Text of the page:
"O portátil português aguenta bombardeamentos [aeiou.pt]", quem o diz é Hugo Chávez. O polémico presidente fez o teste, deixou cair um exemplar ao chão, e diz-se fã do portátil português a baixo custo. Um milhão de máquinas vão ser adquiridas pela Venezuela

        O disco rígido está pa
    • by The Dotmeister (1043252) on Sunday September 28, 2008 @08:00AM (#25183577)
      Actually the name isn't "Magellan" but "Magalhães", and it dual boots (at least in Portugal) Windows XP and Linux CaixaMágica (a portuguese distro) as you can see here http://www.eescolinha.gov.pt/equipamento.html [eescolinha.gov.pt].
      It's being sold to kids in primary school for 50 euros and it comes with an option for mobile internet, which you can buy from mobile carriers. If you're not a primary school student, well you've got to pay 285 euros for one.
      • by PopeRatzo (965947) *

        It's being sold to kids in primary school for 50 euros and it comes with an option for mobile internet, which you can buy from mobile carriers. If you're not a primary school student, well you've got to pay 285 euros for one.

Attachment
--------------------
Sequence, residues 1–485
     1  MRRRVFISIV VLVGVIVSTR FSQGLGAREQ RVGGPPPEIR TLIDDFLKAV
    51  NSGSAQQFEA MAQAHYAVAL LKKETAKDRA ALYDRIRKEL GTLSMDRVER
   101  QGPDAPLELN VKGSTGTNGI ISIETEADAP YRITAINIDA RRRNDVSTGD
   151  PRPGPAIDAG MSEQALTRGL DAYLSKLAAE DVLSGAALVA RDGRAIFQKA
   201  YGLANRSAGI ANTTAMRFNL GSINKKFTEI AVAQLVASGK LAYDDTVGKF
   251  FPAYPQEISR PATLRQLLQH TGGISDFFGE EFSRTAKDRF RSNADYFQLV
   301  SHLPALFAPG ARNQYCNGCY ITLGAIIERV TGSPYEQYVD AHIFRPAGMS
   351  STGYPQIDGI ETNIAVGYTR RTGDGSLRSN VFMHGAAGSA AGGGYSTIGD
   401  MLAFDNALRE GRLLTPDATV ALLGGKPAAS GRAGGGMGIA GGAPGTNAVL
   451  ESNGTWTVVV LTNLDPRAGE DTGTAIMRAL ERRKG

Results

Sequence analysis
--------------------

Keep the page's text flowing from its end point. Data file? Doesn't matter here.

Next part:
Proof that Hugo Chavez is a dangerous Commie terrorist like the Bush administration says.

      • Re: (Score:3, Insightful)

        by blind biker (1066130)

        It's being sold to kids in primary school for 50 euros and it comes with an option for mobile internet, which you can buy from mobile carriers. If you're not a primary school student, well you've got to pay 285 euros for one.

        The little I know about Portuguese culture brings me to expect a lot of these machines will be sold for %= EUR, but not to kids only. There's ways to abuse the system, and I suspect it will be abused.

        • by lysergic.acid (845423) on Sunday September 28, 2008 @10:08AM (#25184177) Homepage

          oh c'mon. you don't think if the same deal were offered in the U.S., U.K., or any other western nation that you wouldn't also have people abusing the system?

          i mean, 285 euros is pretty affordable for most Americans, but i still see people going into stores to buy these for their "kids" and then just keeping the laptop for themselves. consumers want the best deal possible as well. that's the flip side of capitalism.

          • by blind biker (1066130) on Sunday September 28, 2008 @10:10AM (#25184199) Journal